« Continue Browsing

e-mail article Print     e-mail article E-mail

Bob Lind, Published July 05 2009

Lind: Amenia, N.D., man tells of grandfather’s Titanic fate

The story appeared in The Forum earlier this month: The death of a 97-year-old woman in England who had been the last survivor of the Titanic.

She was a baby when she was placed in a lifeboat before the Titanic went down April 15, 1912, making her one of the 706 survivors.

But 1,517 others on the ship died. Among them: Mark Chaffee’s grandfather.

Mark, 52, of Amenia, N.D., and the CEO of Chaffee Wind Farms, is the grandson of Herbert F. Chaffee, who, with his wife, Carrie, was returning from England on the Titanic when it struck an iceberg and sank.

Herbert was a wealthy man. So wealthy he could afford a 1903 Cadillac and a chauffeur.

His grandson now lives in that chauffeur’s house.

Eben, Herbert

Mark is in demand as a speaker about his grandfather and the Titanic, for good reason: He has much information about both.

His story begins with his great-grandfather Eben W. Chaffee, a New York resident who settled near Amenia. He became so prominent a landowner and area promoter that Chaffee, N.D., was named for him.

When he died in the 1890s, his son Herbert took over. He was in his early 20s, but he’d already been active in the business. And he made it even better.

He eventually owned 34,000 acres of land in the Amenia-Chaffee area. “He made it into a million-dollar business,” according to agriculture historian Hiram Drache of Fargo, who in one of his books terms Herbert a bonanza farm “managing genius.”

By 1912, Herbert was worth $12 million. So he and Carrie could well afford to go to England.

Travel theories

Why they went there is open to debate. Mark says there are several theories.

One is that Herbert was tracing the family genealogy. Another is that they were making arrangements to buy stained-glass windows for their church, the Amenia Congregational Church. Whether or not this is true, the church, now closed, did have beautiful windows that now are on display at Bonanzaville in West Fargo.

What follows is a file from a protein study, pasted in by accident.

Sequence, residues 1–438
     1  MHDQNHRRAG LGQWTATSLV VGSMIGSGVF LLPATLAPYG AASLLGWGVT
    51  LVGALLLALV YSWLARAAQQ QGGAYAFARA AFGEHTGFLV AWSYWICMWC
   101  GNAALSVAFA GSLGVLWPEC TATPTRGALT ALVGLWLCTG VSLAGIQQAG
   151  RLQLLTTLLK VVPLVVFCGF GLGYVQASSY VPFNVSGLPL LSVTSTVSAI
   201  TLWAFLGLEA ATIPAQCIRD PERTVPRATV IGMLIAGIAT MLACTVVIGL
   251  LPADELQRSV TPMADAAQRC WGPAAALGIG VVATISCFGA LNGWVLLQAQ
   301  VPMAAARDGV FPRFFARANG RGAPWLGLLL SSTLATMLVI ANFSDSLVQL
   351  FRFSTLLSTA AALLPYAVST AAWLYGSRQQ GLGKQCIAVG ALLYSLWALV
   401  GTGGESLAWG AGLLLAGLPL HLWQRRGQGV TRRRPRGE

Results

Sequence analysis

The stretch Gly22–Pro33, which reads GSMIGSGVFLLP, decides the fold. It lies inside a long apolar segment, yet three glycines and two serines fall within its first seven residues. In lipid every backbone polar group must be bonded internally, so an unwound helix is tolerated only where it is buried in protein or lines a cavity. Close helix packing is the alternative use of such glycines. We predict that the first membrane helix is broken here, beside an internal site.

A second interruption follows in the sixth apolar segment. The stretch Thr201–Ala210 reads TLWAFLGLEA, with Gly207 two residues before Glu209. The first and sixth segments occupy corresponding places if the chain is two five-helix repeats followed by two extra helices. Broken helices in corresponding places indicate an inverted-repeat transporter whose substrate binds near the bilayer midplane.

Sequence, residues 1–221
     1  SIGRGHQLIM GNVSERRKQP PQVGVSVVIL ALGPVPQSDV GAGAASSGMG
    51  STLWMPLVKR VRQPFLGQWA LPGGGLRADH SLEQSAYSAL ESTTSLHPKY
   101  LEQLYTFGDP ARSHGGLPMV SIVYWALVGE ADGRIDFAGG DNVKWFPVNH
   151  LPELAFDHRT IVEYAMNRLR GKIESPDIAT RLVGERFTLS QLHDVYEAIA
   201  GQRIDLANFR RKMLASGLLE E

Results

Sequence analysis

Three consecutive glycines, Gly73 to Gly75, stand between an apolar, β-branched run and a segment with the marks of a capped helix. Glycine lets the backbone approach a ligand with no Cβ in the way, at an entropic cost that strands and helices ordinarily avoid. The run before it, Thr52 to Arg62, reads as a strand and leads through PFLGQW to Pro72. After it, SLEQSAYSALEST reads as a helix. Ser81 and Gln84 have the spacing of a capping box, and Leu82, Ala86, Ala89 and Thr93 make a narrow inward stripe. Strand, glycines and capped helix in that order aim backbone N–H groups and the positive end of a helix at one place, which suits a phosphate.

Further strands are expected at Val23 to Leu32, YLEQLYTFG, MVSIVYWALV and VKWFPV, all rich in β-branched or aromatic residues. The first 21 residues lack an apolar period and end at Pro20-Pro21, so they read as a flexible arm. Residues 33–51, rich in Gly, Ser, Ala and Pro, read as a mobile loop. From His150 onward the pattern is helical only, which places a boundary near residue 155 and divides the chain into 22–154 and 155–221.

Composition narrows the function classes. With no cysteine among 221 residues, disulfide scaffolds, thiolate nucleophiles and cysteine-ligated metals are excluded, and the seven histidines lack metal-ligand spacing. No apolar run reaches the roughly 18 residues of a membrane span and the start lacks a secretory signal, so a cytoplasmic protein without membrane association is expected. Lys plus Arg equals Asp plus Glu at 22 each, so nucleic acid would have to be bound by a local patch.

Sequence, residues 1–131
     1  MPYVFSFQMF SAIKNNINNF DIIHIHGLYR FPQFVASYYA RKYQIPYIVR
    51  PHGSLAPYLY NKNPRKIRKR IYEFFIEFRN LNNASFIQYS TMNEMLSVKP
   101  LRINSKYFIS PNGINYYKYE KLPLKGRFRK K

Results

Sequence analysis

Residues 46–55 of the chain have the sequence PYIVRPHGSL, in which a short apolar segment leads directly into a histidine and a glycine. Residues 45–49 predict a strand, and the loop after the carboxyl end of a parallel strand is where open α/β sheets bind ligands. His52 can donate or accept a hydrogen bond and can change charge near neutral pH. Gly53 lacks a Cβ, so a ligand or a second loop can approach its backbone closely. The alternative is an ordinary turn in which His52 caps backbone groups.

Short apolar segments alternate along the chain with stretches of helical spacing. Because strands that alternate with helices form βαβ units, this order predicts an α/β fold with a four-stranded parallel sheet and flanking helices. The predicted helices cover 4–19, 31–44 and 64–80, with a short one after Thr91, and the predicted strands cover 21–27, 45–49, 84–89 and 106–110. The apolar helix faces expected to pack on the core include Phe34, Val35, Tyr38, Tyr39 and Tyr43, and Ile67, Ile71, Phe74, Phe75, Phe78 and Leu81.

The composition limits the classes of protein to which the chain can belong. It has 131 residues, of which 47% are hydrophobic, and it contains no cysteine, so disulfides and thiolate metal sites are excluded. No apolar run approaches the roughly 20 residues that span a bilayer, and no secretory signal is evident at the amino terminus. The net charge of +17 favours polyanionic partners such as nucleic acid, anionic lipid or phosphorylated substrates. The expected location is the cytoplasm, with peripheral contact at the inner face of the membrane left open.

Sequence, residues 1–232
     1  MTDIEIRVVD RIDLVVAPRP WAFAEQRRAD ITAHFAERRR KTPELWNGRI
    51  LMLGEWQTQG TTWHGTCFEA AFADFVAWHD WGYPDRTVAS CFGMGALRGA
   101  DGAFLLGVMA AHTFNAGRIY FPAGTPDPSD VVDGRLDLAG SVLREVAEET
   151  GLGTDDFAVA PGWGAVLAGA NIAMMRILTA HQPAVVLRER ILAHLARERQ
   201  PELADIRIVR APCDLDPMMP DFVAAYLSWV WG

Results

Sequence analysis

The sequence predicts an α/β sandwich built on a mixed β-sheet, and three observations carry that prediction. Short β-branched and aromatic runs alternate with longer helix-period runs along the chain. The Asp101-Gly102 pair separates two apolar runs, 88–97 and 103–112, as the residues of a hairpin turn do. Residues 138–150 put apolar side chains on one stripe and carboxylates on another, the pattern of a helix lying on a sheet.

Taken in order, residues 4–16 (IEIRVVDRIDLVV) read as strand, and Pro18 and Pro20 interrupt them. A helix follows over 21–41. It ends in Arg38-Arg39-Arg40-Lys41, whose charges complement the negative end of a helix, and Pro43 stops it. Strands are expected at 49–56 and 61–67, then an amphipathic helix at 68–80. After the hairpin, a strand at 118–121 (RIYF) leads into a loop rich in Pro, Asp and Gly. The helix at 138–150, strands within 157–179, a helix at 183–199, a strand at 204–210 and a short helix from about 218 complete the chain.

Another theory would demonstrate Herbert’s integrity.

This story is that one of his sons bought a solid gold brick and a share in a mine, which he in turn sold to a man in England for $25,000.

That man discovered the brick was only gold-plated and wanted his money back.

So, the story goes, Herbert and Carrie went to England solely to make things right with this man, even though their son apparently hadn’t known the gold brick was a fake. Mark says he’s been told that his grandfather paid the man in cash, using crisp new bills.

In gratitude for Herbert’s honesty, the story continues, this man gave Herbert two special gifts, each worth $5,000.

They were first-class tickets for the maiden voyage of the Titanic.

Protecting his wife

Whichever of these stories is true is unknown. But what is known is what happened to the Chaffees as the ship was going down because the information came from Carrie herself.

She didn’t want to leave her husband. But he insisted she get into a lifeboat, gave her his wallet, and told her he’d be on the next lifeboat.

Carrie never saw her husband again.

And next …

Carrie went back to Amenia and, maybe because she was so distraught, had the house her husband had built in the 1880s torn down.

She went on to become mayor of Amenia in the 1920s. She died in 1931.

She and Herbert had five children: Eben, Dorothy, Lawrence, Adele and Lester. Another child died in infancy. Lester, who was Mark’s father, was 9 when his father died.

Carrie willed 40 sections of land to her children, but Dust Bowl foreclosures brought them down to 13 sections. Lester managed to retain six sections, however.

Lester died in 1982.

Mark says he grew up hearing many stories about his grandfather and the Titanic.

Now that the last survivor of the tragedy has died, his stories become even more valuable. And they’ll become even more so in three years on the 100th anniversary of the disaster.

Former North Dakota Gov. Bill Guy of Fargo, a longtime friend of the Chaffee family, has urged Mark to write a family history, and he intends to do so.

Meanwhile, it should be noted that even though his grandfather died aboard the Titanic, this doesn’t make Mark water-shy; he spent 25 years in the Navy, six of them active, and he now is in the Reserves.


If you have an item of interest for this column, mail it to Neighbors, The Forum, Box 2020, Fargo, ND 58107; fax it to 241-5487; or e-mail blind@forumcomm.com